Results: Of 59 lesions, 17 were in normal myocardium (voltage >1.5 mV), 21 in border zone (0.5 to 1.5 mV), and 21 in scar (<0.5 mV). All RFCA lesions were enhanced in T1w CMR, whereas scar was hypointense, allowing discrimination among normal myocardium, scar, and RFCA lesions. With contrast-enhancement, lesions and scar were similarly enhanced and not distinguishable. Lesion width and depth in T1w CMR correlated with necrosis in pathology (both; r = 0.94, p < 0.001). CMR lesion volume was significantly different in normal myocardium, border zone, and scar (median: 397 [interquartile range (IQR): 301 to 474] mm, 121 [IQR: 87 to 201] mm, 66 [IQR: 33 to 123] mm, respectively). RFCA force-time integral, impedance, and voltage changes did not correlate with lesion volume in border zone or scar. Histology showed that ablation necrosis extended into fibrotic tissue in 26 lesions and beyond in 14 lesions. In 7 lesions, necrosis expansion was blocked and redirected by fat.

Conclusions: T1w CMR can selectively enhance necrotic tissue in and around scar and may allow determination of the completeness of ablation intra- and post-procedure. Lesion formation in scar is affected by tissue characteristics, with fibrosis and fat acting as thermal insulators.
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http://dx.doi.org/10.1016/j.jacep.2018.11.001DOI Listing
http://www.ncbi.nlm.nih.gov/pmc/articles/PMC6355250PMC
January 2019

Opportunities for microRNAs in the Crowded Field of Cardiovascular Biomarkers.

Annu Rev Pathol 2019 01 17;14:211-238. Epub 2018 Oct 17.

Department of Pathology, Johns Hopkins University School of Medicine, Baltimore, Maryland 21205, USA; email:

Cardiovascular diseases exist across all developed countries. Biomarkers that can predict or diagnose diseases early in their pathogeneses can reduce their morbidity and mortality in afflicted individuals. microRNAs are small regulatory RNAs that modulate translation and have been identified as potential fluid-based biomarkers across numerous maladies. We describe the current state of cardiovascular disease biomarkers across a range of diseases, including myocardial infarction, acute coronary syndrome, myocarditis, hypertension, heart failure, heart transplantation, aortic stenosis, diabetic cardiomyopathy, atrial fibrillation, and sepsis. We present the current understanding of microRNAs as possible biomarkers in these categories and where their best opportunities exist to enter clinical practice.
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http://dx.doi.org/10.1146/annurev-pathmechdis-012418-012827DOI Listing
http://www.ncbi.nlm.nih.gov/pmc/articles/PMC6442682PMC
January 2019

Human and Cow Have Identical miR-21-5p and miR-30a-5p Sequences, Which Are Likely Unsuited to Study Dietary Uptake from Cow Milk.

J Nutr 2018 09;148(9):1506-1507

Molecular and Comparative Pathobiology, and Neurology, The Johns Hopkins University School of Medicine, Baltimore, MD.

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http://dx.doi.org/10.1093/jn/nxy144DOI Listing
September 2018

Seven factors predict a delayed diagnosis of cardiac amyloidosis.

Amyloid 2018 Sep 31;25(3):174-179. Epub 2018 Aug 31.

a Division of Cardiovascular Pathology, Department of Pathology , Johns Hopkins University , Baltimore , MD , USA.

Introduction: Diagnostic delay of cardiac amyloidosis (CAm) continues to challenge clinicians. We investigated features associated with delay and ascertained if a diagnostic delay had negative implications for the patient.

Methods: We performed a retrospective chart review identifying 82 subjects with biopsy-proven and mass-spectrometry-identified CAm with clinical and epidemiologic data including first potential symptom of amyloidosis. Pathology slides were scored for extent of amyloid. Robust statistical analyses including generalized linear and ordered logistic regression analysis were performed.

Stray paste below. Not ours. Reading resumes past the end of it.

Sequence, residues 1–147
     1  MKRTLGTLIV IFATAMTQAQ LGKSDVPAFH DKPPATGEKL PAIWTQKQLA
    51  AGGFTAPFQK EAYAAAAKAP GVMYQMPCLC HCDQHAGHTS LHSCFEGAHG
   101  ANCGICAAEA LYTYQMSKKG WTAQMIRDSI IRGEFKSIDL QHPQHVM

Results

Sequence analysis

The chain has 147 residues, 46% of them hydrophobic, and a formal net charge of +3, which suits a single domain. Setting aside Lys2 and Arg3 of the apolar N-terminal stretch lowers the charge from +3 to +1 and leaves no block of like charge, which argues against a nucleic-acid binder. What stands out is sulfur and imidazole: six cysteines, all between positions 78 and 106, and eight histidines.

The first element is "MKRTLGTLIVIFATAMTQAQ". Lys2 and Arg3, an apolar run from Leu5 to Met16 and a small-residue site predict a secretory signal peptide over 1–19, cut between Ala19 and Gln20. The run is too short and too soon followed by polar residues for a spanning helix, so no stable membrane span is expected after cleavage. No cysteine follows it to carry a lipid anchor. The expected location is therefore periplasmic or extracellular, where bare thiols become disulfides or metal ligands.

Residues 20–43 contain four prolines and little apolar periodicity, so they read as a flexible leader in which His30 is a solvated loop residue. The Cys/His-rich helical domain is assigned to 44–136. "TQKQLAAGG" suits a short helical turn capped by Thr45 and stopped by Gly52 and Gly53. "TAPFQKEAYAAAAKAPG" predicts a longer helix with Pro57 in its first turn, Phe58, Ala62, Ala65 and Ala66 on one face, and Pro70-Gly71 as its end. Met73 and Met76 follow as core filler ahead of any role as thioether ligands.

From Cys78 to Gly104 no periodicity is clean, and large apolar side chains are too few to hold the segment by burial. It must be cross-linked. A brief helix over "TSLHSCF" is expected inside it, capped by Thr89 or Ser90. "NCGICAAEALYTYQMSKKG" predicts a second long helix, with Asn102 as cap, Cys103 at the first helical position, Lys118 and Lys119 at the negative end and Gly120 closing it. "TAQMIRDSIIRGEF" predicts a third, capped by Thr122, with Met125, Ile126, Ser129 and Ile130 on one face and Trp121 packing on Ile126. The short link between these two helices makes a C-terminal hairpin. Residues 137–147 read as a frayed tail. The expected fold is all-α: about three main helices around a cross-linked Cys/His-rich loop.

Results: There was a 22 month (median) delay in diagnosis, more pronounced (34 months) in subjects with transthyretin (ATTR) amyloidosis. Seven factors predict a delayed diagnosis including ATTR amyloid type (ratio =2.17, 95% CI 1.31-3.59), having carpal tunnel syndrome (2.13, CI 1.49-3.03) and age <70 at first symptom (1.85, CI 1.30-2.61). Individuals with delays of 1+ years had higher levels of NT proBNP (4451 vs. 2559 pg/mL, p = .016) and longer PR intervals (225 vs. 162 ms, p < .001) at the time of diagnosis.

Conclusions: Diagnostic delays negatively affect cardiac function. Of the predictive clinical features, carpal tunnel syndrome was frequent and its presence should lead to a more aggressive analysis for CAm in the appropriate clinical settings.
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http://dx.doi.org/10.1080/13506129.2018.1498782DOI Listing
September 2018

A comprehensive evaluation of the genetic architecture of sudden cardiac arrest.

Eur Heart J 2018 11;39(44):3961-3969

Cardiovascular Health Research Unit, Division of Cardiology, Departments of Medicine and Epidemiology, University of Washington, 1730 Minor Ave, Seattle, WA, USA.

Aims: Sudden cardiac arrest (SCA) accounts for 10% of adult mortality in Western populations. We aim to identify potential loci associated with SCA and to identify risk factors causally associated with SCA.

Methods And Results: We carried out a large genome-wide association study (GWAS) for SCA (n = 3939 cases, 25 989 non-cases) to examine common variation genome-wide and in candidate arrhythmia genes. We also exploited Mendelian randomization (MR) methods using cross-trait multi-variant genetic risk score associations (GRSA) to assess causal relationships of 18 risk factors with SCA. No variants were associated with SCA at genome-wide significance, nor were common variants in candidate arrhythmia genes associated with SCA at nominal significance. Using cross-trait GRSA, we established genetic correlation between SCA and (i) coronary artery disease (CAD) and traditional CAD risk factors (blood pressure, lipids, and diabetes), (ii) height and BMI, and (iii) electrical instability traits (QT and atrial fibrillation), suggesting aetiologic roles for these traits in SCA risk.